Cheers

  • +1 vote

    There are requirements when turning a garage into a livable space.

    First of all, the floor needs to be properly sealed underneath and the water directed in the right way, which a garage might not be.

    Second, there's a minimum for the ceiling height. Even if the height is sufficient if you add stuff to the floor to correct the sealing problem that will reduce the ceiling height.

    Third, livable spaces need a certain amount of windows per floor space, which there might not be in a garage.

    You will likely find it not worth the cost - better to get one with an extra big backyard and build something free-standing, or get a caravan.

    • +1 vote

      Having a look at another property today. Similar issue, but this time the space has been renovated as an office space, so not held to the same arbitrary height restrictions (not sure why ceiling height is important in a bedroom but not a bathroom?). A builder is coming by to give a free check. I'll come back & post the outcome.

      •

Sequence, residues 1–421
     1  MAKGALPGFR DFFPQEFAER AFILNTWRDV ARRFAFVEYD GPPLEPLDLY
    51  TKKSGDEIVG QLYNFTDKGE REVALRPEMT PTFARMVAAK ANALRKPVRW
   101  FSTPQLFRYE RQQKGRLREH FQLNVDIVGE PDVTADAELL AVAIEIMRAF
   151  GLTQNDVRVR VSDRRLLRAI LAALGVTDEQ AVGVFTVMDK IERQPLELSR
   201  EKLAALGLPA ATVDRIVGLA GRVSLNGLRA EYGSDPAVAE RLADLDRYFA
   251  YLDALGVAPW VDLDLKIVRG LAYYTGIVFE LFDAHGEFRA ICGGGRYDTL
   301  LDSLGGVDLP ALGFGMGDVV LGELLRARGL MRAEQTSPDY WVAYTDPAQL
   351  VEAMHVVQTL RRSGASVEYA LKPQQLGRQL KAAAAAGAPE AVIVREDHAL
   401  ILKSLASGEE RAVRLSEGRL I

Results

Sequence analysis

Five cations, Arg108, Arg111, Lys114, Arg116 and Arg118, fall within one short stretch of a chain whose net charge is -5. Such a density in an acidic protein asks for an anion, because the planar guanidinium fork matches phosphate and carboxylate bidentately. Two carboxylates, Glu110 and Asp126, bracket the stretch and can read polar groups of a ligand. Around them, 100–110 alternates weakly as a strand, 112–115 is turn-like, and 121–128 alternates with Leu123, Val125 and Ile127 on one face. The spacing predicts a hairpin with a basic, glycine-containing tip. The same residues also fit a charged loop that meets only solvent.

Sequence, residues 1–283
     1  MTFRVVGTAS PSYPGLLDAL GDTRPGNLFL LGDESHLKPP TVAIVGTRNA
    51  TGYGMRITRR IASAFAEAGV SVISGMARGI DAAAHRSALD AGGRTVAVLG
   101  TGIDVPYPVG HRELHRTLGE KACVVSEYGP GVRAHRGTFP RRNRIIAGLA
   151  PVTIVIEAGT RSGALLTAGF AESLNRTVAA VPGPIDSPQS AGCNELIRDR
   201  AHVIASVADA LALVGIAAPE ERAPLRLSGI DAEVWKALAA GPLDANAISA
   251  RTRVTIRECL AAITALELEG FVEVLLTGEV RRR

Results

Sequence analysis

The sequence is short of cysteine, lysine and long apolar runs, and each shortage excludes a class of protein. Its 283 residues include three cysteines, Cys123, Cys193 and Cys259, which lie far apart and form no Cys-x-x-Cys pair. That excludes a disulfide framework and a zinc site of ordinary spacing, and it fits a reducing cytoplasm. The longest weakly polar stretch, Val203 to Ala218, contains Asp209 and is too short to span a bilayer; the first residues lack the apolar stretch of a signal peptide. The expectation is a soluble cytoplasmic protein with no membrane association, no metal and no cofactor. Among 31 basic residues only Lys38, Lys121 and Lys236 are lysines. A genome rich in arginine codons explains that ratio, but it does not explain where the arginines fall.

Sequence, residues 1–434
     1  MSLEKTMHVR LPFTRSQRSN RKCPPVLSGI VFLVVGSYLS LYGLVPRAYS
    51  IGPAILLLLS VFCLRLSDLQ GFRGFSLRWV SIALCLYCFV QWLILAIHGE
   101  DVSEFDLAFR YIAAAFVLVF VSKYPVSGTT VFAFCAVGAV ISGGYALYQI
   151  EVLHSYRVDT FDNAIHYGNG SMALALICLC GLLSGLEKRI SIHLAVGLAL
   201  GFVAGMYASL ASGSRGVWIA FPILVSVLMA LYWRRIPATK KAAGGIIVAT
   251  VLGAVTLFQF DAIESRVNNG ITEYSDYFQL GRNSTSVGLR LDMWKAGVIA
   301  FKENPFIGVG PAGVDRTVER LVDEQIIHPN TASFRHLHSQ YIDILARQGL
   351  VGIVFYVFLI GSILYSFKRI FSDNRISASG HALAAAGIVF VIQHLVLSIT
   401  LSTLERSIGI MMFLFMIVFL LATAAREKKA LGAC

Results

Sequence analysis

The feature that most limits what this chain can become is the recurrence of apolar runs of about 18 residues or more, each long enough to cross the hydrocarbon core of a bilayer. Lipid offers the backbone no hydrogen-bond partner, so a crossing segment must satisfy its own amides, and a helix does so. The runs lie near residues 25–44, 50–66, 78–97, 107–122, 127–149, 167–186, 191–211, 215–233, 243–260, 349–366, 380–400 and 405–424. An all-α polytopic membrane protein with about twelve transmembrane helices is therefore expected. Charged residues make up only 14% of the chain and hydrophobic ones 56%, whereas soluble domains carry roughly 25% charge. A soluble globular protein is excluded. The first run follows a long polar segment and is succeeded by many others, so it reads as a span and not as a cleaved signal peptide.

That sounds good. If it is on the official site map thing you get from council as a living space I think that means it was approved (but don't quote me)

        •  

          See above. They want US to pay $99-110, for every property we look at, to find out it's all illegally done and may need to be torn down. It's nonsense.

          •  

            @Geekomatic: It is the kind of thing you should do only after you're satisfied in every other way that it is the property of your dreams. Sadly yet another cost involved in buying a house. As before, building a free standing granny flat is going to be a lot easier as you are building it and you have the control at least